More green cost-effectiveness urged on Danes

OECD finds loopholes in Copenhagen's generally progressive environmental approach

Denmark's use of economic instruments in environmental policy making has been singled out for praise by the Organisation for Economic Cooperation and Development (OECD), in its latest annual report on the state of the country's economy. But the report urges much more rigour on planners, concluding that environmental improvements could be achieved in a more cost-effective way.

The OECD is particularly critical of policies over water charges, carbon emissions, wind turbines, transport and waste management. On water, it notes that pollution reduction targets have been met for municipal water treatment and industrial discharges, where major tax rebates apply, while those for agriculture have not. It suggests the introduction of incentives for farmers to cut fertiliser use, taxes on net nitrogen discharges or the possibility of establishing a tradable permits scheme.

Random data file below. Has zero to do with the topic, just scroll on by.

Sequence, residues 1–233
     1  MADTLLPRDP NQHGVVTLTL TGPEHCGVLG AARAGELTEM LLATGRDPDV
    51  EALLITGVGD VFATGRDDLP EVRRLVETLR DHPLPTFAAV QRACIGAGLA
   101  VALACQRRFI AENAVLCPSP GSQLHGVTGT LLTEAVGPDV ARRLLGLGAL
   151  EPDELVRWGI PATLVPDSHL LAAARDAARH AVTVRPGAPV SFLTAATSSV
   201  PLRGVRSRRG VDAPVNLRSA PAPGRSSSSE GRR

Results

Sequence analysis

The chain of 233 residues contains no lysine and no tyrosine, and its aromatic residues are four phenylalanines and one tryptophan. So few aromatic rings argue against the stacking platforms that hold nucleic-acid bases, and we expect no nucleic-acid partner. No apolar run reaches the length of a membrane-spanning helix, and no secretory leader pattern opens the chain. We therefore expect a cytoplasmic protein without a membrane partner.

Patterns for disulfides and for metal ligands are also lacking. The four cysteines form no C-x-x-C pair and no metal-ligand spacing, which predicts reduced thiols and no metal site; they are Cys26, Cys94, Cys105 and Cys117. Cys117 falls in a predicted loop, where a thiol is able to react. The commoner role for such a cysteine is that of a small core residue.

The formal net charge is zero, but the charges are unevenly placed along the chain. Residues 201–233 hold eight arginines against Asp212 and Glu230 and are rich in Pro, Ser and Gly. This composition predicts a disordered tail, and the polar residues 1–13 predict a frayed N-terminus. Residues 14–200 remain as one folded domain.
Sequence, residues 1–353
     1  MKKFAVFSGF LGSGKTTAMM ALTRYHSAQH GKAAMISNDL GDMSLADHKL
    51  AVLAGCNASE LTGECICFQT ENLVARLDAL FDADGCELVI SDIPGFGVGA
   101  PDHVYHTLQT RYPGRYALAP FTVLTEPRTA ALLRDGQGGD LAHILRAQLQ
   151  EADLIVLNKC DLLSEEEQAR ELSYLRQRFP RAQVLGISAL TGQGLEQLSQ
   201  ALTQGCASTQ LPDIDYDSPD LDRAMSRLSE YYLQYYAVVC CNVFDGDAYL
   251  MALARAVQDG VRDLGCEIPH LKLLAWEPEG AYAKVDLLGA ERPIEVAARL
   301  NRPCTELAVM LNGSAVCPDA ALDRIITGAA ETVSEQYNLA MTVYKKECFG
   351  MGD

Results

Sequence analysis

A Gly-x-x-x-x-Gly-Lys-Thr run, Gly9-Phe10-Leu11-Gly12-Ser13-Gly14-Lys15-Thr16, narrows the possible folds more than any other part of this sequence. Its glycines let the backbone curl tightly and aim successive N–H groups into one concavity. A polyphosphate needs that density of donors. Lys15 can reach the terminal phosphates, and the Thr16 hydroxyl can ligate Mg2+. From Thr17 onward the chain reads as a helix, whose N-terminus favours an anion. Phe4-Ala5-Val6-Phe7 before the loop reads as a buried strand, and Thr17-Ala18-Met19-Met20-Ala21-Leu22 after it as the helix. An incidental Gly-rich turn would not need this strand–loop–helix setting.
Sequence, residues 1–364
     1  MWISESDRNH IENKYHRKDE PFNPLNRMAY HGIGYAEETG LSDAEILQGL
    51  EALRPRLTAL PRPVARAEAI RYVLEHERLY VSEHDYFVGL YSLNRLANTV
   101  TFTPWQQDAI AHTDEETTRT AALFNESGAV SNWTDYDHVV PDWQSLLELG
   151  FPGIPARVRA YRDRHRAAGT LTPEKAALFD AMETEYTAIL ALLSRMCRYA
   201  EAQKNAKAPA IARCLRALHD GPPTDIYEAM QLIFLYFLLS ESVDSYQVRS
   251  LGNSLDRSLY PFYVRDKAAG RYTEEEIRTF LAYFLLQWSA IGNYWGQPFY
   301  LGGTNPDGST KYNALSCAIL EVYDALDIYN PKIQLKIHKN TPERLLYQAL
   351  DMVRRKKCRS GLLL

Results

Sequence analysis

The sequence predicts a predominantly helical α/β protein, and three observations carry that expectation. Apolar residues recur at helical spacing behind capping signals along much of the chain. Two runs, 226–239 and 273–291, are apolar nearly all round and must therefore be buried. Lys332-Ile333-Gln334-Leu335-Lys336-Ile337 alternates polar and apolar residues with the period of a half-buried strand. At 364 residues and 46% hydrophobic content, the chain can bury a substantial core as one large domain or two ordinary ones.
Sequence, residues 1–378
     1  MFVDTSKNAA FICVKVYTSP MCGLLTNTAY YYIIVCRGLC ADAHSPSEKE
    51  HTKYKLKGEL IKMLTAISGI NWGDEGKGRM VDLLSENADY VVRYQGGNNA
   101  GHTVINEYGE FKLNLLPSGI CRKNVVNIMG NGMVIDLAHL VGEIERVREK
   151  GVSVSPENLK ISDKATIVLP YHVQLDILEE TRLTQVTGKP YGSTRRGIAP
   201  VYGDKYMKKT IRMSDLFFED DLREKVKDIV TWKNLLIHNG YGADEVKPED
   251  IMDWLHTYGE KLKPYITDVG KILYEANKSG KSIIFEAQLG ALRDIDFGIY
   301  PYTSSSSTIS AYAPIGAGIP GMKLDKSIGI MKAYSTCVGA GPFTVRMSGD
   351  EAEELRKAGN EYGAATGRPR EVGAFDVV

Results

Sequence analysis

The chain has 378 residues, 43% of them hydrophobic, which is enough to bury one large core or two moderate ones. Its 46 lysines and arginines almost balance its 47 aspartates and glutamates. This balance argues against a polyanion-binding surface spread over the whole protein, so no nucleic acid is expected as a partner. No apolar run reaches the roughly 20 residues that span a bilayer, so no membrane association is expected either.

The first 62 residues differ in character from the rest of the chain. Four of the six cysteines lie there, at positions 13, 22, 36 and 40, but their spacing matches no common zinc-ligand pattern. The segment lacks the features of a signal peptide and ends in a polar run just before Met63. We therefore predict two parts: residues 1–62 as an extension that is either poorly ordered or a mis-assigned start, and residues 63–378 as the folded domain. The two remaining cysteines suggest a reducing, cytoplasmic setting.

On the carbon question, Denmark's "ambitious" reduction strategy is generally lauded, but the OECD believes the existence of a widely-varying set of tax rates, with lower rates for heavy energy users, has led to the overall costs per tonne of carbon dioxide emissions abated becoming unnecessarily high. The OECD welcomes Denmark's pledge to gradually modify this structure as the Kyoto protocol comes into force.

On wind turbines, the OECD urges an end to implicit and explicit subsidies to a "once infant industry that, with a major presence in world markets, has now grown up". It hopes this will be achieved by the increasing use of domestic cap-and-trade schemes and emission taxation, integrated with the new green certificate system for renewable energy Denmark introduced earlier this year.

Follow Up:
OECD, tel: +33 14 524 1000. See also a summary of Economic Survey of Denmark 2000.

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